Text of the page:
Earring-sporting Chris Varley punctures the traditional AT&T mold.
Unlike other office buildings in the former Ma Bell empire, the mood at the AT&T WorldNet headquarters in Bridgewater, N.J., seems carefree and spontaneous. It’s not uncommon to see executives strolling about the corridors without neckties, waxing about the medium’s potential. One of the biggest culprits is Chris Varley, the 37-year-old interactive services director of WorldNet, AT&T’s entry into the Internet service provider market.
In under a year’s time at AT&T, Varley has proved he’s no “Bell Head,” the description given to AT&T lifers who navigate the 40-hour work week unnoticed. With a dirty-blonde, surfer hairstyle, rolled-up sleeves, a non descript earring in his right ear and a penchant for cinematic metaphors and historical references, Varley looks and talks every bit the New Age business disciple. He preaches such Zen-like business maxims as less is more, yield to the customer and embrace potential competitors.
Who could blame Varley, and AT&T, for finding religion in the online access business? Demand for WorldNet has been robust since the March 1996 launch, far eclipsing the Internet service offerings by other telecommunications companies. And most importantly, analysts point to WorldNet’s 900,000-plus subscribers as an indication that the company can compete for the coveted, if still small, technologically adroit crowd.
Part of the success has to do with WorldNet’s nurturing approach. In another era, AT&T likely would have tried to gobble up such companies as New York startup The Mining Co., a site that, like WorldNet, aggregates other Web sites by subjects and themes. This spring, however, WorldNet struck a deal with that firm, adding The Mining Co. to its roster of content providers.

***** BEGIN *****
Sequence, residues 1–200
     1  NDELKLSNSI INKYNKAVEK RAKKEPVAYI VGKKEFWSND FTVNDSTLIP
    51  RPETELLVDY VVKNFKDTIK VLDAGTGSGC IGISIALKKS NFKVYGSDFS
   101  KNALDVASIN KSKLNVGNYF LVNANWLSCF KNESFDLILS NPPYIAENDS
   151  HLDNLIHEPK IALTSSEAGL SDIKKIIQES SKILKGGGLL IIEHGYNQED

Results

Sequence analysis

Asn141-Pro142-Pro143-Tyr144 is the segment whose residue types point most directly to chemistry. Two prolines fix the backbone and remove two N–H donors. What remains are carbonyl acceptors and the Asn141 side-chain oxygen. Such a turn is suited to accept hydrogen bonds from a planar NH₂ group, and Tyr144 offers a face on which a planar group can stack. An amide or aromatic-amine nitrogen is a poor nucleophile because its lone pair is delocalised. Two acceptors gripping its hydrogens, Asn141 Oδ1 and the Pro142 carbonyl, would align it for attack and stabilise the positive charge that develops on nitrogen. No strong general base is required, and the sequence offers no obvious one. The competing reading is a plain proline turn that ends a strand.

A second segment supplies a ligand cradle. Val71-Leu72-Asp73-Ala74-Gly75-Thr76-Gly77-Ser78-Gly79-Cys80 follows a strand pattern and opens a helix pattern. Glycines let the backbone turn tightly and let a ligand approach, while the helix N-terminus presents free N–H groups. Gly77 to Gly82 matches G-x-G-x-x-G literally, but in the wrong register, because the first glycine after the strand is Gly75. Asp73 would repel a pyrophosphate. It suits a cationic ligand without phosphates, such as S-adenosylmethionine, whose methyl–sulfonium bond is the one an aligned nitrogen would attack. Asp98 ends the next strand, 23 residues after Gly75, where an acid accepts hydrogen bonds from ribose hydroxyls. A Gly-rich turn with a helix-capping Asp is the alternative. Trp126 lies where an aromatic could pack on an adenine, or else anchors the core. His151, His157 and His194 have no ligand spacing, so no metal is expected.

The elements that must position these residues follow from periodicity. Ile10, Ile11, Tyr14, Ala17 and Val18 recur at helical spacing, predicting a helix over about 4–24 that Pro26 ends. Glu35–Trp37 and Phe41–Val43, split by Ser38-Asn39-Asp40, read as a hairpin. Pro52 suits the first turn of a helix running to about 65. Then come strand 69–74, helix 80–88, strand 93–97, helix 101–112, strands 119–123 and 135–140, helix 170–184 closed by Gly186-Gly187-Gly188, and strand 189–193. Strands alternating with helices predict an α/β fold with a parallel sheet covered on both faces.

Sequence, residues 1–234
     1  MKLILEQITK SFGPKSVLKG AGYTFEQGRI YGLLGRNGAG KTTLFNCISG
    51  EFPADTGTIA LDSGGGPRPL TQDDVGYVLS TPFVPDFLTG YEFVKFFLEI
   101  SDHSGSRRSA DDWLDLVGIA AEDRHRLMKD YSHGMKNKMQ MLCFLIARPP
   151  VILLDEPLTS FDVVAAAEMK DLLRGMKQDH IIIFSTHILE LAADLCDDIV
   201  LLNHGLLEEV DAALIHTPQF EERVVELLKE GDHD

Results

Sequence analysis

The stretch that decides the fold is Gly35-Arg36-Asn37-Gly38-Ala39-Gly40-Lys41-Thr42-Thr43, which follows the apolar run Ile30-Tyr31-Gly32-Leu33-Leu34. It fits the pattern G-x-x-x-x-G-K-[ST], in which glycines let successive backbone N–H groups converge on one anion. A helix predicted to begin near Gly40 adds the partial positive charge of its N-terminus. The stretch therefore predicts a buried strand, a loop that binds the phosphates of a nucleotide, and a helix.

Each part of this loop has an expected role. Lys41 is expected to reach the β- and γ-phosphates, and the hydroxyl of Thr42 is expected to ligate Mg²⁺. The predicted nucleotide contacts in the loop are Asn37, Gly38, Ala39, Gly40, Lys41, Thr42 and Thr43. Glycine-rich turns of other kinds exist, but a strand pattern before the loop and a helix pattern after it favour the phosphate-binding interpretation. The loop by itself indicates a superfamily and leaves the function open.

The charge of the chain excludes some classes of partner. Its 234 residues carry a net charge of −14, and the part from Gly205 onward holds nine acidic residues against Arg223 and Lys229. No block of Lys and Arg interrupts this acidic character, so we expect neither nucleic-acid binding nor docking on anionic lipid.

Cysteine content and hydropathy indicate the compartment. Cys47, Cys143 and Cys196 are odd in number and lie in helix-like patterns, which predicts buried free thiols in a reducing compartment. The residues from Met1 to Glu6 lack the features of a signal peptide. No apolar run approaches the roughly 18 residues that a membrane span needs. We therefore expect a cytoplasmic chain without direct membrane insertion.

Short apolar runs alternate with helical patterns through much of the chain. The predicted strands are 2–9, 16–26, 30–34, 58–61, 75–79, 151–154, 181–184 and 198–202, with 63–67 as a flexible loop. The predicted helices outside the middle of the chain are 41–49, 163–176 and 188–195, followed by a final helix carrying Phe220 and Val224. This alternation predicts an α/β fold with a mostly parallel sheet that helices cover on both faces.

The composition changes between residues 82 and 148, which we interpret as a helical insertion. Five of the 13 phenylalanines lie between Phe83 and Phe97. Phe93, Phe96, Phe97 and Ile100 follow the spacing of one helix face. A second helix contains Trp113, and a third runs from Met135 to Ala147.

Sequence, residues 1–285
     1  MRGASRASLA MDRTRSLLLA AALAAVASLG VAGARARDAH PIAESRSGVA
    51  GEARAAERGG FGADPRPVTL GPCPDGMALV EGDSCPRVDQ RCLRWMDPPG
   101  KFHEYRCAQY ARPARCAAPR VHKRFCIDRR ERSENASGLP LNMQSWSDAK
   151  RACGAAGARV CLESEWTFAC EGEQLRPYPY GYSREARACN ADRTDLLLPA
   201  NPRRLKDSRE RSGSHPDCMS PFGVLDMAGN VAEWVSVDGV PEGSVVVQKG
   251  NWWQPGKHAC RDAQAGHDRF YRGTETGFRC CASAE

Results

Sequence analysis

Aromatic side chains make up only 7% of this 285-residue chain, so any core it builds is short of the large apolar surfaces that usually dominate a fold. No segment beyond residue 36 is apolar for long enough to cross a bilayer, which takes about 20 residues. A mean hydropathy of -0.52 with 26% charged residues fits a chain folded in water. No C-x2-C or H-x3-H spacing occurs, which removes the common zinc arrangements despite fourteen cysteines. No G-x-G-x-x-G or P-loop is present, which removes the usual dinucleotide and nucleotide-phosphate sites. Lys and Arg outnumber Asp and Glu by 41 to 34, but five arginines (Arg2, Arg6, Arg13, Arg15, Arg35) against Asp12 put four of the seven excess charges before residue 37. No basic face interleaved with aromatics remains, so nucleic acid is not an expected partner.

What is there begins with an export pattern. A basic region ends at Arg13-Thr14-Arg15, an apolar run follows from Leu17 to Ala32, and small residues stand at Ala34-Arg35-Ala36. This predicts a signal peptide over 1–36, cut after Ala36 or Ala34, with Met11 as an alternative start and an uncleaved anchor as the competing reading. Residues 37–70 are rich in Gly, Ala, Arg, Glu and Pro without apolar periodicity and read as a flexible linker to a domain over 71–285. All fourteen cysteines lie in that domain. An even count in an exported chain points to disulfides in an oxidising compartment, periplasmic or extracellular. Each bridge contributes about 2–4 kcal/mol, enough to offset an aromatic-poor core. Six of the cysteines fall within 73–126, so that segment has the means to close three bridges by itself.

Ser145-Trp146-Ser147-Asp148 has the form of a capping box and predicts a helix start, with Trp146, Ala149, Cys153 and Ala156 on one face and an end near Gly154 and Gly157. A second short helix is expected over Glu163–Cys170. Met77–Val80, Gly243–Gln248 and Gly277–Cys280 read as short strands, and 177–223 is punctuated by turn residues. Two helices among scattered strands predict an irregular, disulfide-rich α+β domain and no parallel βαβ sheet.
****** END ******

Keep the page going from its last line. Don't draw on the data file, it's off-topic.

“What’s refreshing [about working with AT&T] is that we have not received from them the kind of arrogance you might expect from anyone who came out of a monopoly environment,” says Jeff Radov, The Mining Co.’s head of strategic relations.
Varley admits that when he was first contacted last year about the WorldNet gig, he was a bit skeptical about joining AT&T. “I got a call from a headhunter about it and I said, ‘Mmm, no. I’m not really interested in going to work for AT&T,'” he recalls.
But Varley, then at CompuServe, relented and met with Erik Grimmelmann, WorldNet’s vice president of network and access. Grimmelmann convinced Varley to ditch the necktie and come work for an AT&T division “where free-thinking was going to be encouraged, where we were looking to press the bounds, where we were looking to take the company into new areas.”
Varley had been creative director at CompuServe for the previous three years, working in the advanced technology group. There, he developed hybrid online/CD-ROM digizines that were created so that users could download multimedia content painlessly. A quick learner, Varley took the leap into the online world five years ago, venturing online with a 1200-baud modem. The veteran of film and television became a convert.
At AT&T, Varley has the task of crafting the look and feel of WorldNet: from brokering content and advertising relationships to redesigning the WorldNet gateway, all while remaining true to one of his central tenets: yield to the Web user’s preferences. “Proprietary online services have a vested interest in controlling the customers’ experience, in large part because they need to make sure they get the customer exposed to the ads that are paying for everything,” he says. “And yet you see the customers chafe against that constantly.”
However, as the online industry revolves increasingly around a consumer-oriented axis, Varley doesn’t see growth in entertainment . . . just yet. “I’m a contrarian by nature,” he reflects. “For a long time, even though I came out of entertainment, I was saying, ‘This is purely a communications medium.’ Now that I hear other people saying, ‘This is purely a communications medium,’ I’m tempted to say, ‘No, no, there will be an entertainment component here.'”
Online publishers such as Microsoft who continue to tinker with the model, in Varley’s view, should be commended, since there is still no blueprint for online success. “We still haven’t figured out what’s unique about this [medium],” he says. “We’re still using metaphors from other media.”– Bernhard Warner